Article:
As a prospective or an admitted student, your biggest academic concern right now is simply getting to your intended undergraduate institution. Why, you might ask, should I even be thinking about graduate school when I have not even begun the undergraduate component of my education? I would like to briefly paraphrase the professor of one of my most difficult theoretical courses at Emory who told our class as we struggled through metaphysical reading assignments, “This class is your chance to build a toolkit and then fill your toolbox.” She did not expect us to fall in love with every theory or methodology within her course, but she intended us to acquire knowledge, skills, and even essays that would be useful to our specific goals in the future. In considering your undergraduate education, I think it is wise to apply the same metaphor. As you apply to schools, you should not simply be thinking about what school and what resources fit you best in the present moment but about who you might want to grow into and how a school might help you to do so. If, like me, when you think about the life you would like to have four years from now, you imagine graduate school in your future, it is important to consider how your undergraduate institution will provide you with the toolkit to get there.
Tools to Consider: Institution-Specific Programs and Resources
Through an accelerated master’s program offered by Emory, I am able to simultaneously complete my bachelor’s degree and begin my graduate work while still an undergraduate student. After earning my bachelor’s this Spring, I will enroll as a full-time student in Emory University’s Laney Graduate School and earn my master’s degree in Spring 2019. This program allows me to earn my master’s degree more quickly and in a more cost-effective manner while taking advantage of ongoing relationships with faculty advisors and of the institution’s resources. I additionally am able to work extensively with doctoral students and familiarize myself with the graduate admission’s process within a comfortable setting. Knowing as a high school senior that I might want to go to graduate school and then researching the schools I considered applying familiarized me with this program before I even set foot on campus as an admitted student. While not all colleges or universities have programs like this one, it is important to look into whether opportunities like this one may be available.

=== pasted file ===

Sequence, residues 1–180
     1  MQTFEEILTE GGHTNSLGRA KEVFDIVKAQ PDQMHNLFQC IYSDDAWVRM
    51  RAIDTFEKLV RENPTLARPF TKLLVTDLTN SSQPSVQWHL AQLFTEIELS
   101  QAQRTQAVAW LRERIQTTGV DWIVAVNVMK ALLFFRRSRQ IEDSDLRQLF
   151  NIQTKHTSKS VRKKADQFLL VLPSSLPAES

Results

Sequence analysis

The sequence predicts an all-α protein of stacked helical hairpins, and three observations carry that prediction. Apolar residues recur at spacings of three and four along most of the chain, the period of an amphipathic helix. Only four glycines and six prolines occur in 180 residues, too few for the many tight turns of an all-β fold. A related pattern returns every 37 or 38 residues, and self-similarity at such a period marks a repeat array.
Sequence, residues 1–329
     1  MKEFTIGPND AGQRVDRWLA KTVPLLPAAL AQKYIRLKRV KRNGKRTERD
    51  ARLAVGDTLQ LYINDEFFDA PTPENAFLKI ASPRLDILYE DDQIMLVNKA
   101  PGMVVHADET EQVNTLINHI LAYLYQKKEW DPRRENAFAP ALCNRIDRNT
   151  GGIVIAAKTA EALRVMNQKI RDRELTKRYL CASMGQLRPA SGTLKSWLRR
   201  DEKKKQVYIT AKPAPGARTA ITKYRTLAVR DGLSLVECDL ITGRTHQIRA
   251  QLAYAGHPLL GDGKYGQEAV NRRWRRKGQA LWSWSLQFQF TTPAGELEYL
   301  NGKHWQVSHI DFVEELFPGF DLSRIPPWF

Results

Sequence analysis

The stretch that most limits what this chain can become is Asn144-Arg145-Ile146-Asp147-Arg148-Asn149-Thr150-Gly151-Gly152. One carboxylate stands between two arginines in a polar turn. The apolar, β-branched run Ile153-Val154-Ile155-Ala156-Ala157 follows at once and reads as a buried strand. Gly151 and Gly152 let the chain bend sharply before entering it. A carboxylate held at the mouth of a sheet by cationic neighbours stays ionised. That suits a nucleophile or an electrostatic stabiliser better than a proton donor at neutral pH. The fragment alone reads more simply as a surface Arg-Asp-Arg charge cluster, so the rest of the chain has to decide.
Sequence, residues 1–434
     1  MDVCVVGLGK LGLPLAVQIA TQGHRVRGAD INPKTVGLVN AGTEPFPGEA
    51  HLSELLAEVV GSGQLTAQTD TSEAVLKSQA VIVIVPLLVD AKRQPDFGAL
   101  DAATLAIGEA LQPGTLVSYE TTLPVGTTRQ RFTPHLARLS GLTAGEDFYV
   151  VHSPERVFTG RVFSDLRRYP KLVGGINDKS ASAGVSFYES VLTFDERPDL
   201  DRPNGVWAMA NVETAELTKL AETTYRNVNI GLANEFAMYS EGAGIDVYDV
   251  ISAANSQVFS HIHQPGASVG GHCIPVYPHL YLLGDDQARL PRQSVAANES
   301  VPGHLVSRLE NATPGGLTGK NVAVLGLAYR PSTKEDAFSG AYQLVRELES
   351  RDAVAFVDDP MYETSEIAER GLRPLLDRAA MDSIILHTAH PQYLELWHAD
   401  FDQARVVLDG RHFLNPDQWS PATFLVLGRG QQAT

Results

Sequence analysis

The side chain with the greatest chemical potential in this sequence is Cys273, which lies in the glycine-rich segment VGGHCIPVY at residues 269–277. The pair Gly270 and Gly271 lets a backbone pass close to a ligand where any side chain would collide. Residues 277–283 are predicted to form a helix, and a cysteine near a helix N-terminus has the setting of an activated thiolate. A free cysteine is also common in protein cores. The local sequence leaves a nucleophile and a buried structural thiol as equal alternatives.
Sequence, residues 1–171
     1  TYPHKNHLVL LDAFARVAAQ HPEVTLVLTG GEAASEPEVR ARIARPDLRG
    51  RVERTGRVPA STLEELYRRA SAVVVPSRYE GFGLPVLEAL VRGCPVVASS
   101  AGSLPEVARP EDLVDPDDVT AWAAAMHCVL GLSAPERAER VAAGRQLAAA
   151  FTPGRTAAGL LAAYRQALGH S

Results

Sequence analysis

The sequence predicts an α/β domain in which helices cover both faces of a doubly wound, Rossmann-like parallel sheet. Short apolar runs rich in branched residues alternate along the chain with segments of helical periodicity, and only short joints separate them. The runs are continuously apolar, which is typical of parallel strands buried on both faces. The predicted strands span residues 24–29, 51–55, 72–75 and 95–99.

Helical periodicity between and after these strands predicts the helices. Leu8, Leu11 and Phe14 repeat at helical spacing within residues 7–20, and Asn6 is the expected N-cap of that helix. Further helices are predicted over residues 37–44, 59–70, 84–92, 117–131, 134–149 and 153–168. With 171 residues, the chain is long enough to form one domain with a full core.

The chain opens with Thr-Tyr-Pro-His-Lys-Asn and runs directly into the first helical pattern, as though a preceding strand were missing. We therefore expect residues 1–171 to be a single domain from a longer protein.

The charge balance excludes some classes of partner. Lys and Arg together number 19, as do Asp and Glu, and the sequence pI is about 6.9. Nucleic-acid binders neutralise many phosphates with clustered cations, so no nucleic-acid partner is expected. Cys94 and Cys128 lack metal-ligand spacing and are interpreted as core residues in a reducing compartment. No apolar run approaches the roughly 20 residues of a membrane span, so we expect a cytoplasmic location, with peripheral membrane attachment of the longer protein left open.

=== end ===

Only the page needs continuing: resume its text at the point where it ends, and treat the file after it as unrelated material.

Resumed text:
Similarly, you may wish to consider the research or internship programs available through the colleges and universities. Both research and internships programs are opportunities not only to test out a particular field, but to potentially start a project that may eventually culminate in a thesis or a dissertation. As you apply to graduate school, a familiarity with research practices within your field and an affiliation with a respected scholar will be definite advantages. As you apply to schools, look into their websites for evidence of opportunities to conduct undergraduate research with a faculty member or the option to earn class credit, for example, by participating in an internship.
Consider, as well, the mentorship you might acquire at an undergraduate institution. I cannot stress how pivotal faculty mentors have been in my decision to go to graduate school. While family members and friends can provide the emotional support in pursuing graduate school, unless they have attended a graduate school themselves, they may be unable to help you with the nuts and bolts of the process. Not only have your professors successfully survived graduate school, they also may sit on graduate admission committees. They know not only how to navigate higher education but the application process as well and they have chosen to be professors, rather than just researchers, because they are passionate about helping you achieve success. To ascertain the caliber to which mentorship opportunities are available at schools in question, I encourage you to reach out to current students, either while visiting in person or contacting an admission’s representative to ask if there are any students who would be willing to speak to you.
“You”-tilizing Your Toolkit: Preparation on Your Part
Regardless of the undergraduate institution you attend, through hard work, graduate school is always a possibility. While the various resources provided by different universities can assist you through the process, the journey to graduate school still requires a great deal of effort on your part.
The best way to begin preparing for graduate school is to continue to be a phenomenal student. For the most part, this means employing the tools which I have previously mentioned. Challenge yourself in your coursework, be active and engaged in your classes and continue your education outside the classroom. Look into all the possible opportunities your institution provides in relation to your fields of interest (and make sure you complete applications in a timely fashion!) Take advantage of the research opportunities available to you, either by assisting someone else in their work or pioneering your own. Visit your professors, early and often, during office hours because they can become your most passionate advocates as well as some of the people you will miss most when you graduate.
Finally, remember to have fun with it. Pursue graduate school, not because it is an endeavor necessary to a specific career, but because you love to learn. In your toolbox, between your faculty mentors and your research experience, keep your passion and use it often.
Katherine Dautrich 18C 19G